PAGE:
"Is everything OK?" => This. If there's yelling and screaming frequently to the point where the police have been called to the residence multiple times, then sooner or later it's going to escalate to physical violence and someone, probably the wife, is going to end up injured or dead. Instead of asking "how can I get them to stop bothering me?" ask yourself instead "is there anything I can do to help them/her?"
    – shoover
    Nov 24, 2017 at 16:28
  • 4
    One possible thing that can happen with this, is the person might open up to you, and proceed to share with you some or all of the emotional baggage they are carrying. Even though it is rare, it can happen. So before asking, be sure you are not in a rush and are mentally prepared.
    – Anketam
    Nov 24, 2017 at 19:18
  • 3
    I'd prefer a phrasing of "I heard shouting from your apartment". Saying "I think I might have heard voices" just undermines your own credibility and understates how loud and bothersome it is (if I can somewhat hear my neighbours speaking at any volume if I sit in complete silence, it doesn't mean it's bothersome).
    – NotThatGuy
    Nov 25, 2017 at 18:16
  • 1
    @D_S He couldn't have known, but the husband pushed her through a (glass) door once. At the time we didn't live there though. Child services won't do anything, because the wife won't press charges.
    – Kevin
    Nov 27, 2017 at 6:43
  • I am accepting this answer, because I think it does a better job of being direct (I am hearing noises) and asking if they need help.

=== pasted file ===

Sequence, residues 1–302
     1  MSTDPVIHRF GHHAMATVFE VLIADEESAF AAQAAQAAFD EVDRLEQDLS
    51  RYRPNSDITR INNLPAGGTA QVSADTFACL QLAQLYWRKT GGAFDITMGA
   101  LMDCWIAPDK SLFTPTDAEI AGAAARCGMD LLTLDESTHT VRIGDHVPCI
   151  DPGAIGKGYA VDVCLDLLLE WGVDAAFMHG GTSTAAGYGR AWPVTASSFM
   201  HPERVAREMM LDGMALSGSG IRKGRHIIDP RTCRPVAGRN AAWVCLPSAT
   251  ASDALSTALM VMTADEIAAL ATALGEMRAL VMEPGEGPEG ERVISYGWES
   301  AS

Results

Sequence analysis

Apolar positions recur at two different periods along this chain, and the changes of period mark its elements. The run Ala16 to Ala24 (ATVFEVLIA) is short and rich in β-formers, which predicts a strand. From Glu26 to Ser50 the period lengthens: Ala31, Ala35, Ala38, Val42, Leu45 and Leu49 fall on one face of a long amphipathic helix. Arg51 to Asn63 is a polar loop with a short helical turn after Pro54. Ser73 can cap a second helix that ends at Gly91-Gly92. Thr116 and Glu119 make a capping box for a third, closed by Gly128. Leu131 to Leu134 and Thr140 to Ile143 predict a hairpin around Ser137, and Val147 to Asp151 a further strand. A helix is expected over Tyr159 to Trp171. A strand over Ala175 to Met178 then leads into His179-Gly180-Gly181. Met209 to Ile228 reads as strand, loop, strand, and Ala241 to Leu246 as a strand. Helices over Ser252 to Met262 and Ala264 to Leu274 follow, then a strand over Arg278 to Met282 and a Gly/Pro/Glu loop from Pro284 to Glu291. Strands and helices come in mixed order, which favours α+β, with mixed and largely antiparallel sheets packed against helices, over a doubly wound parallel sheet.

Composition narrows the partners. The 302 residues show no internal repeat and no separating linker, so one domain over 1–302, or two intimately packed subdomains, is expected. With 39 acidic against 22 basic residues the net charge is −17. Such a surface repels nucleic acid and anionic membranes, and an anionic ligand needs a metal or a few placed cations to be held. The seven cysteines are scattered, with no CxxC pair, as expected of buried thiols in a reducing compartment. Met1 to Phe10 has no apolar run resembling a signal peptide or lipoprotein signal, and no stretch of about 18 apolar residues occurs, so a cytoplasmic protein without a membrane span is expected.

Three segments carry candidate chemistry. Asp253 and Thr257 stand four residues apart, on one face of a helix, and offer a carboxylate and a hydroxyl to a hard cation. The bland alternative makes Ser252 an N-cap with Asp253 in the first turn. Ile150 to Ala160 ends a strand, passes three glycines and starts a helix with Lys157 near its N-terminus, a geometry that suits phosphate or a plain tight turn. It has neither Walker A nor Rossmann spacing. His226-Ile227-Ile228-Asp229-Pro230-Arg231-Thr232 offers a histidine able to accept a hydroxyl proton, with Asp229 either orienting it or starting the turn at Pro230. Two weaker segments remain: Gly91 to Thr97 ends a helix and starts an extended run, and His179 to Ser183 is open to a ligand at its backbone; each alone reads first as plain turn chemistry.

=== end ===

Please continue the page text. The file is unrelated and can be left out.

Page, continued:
– Kevin
    Nov 27, 2017 at 6:50

I'm assuming that because you're trying for an interpersonal solution, you don't want to get police or the landlord involved.

You say:

They are very loud and at some occasions the cops were involved.

That suggests that they know about it, but don't care or don't think it's that big of a deal. Oftentimes, trying to tell them that they should mind their noise level because it disturbs you is a surefire way to not have that happen.

What I found works better personally (at least in the 2 instances where I've had to find a way to quell noisy neighbours) is to try and spin my request into a positive for them. Use points like

  • If they keep being so loud, a complaint may be lodged against them with the landlord by other neighbours
  • Their noise level is alienating them from other neighbours, whom they might need help from (This carries the "I want to help you by telling you this in case you're not aware" with it)
  • The cops could be called again and neither of you want that

The goal here is to spin this from a request on your behalf ("I want you to do this for me because you're bothering me") to a conversation where you're trying to help them ("I don't want you guys to get evicted or arrested or be hated by everyone else"). I found this works much better than outright demanding they be quiet.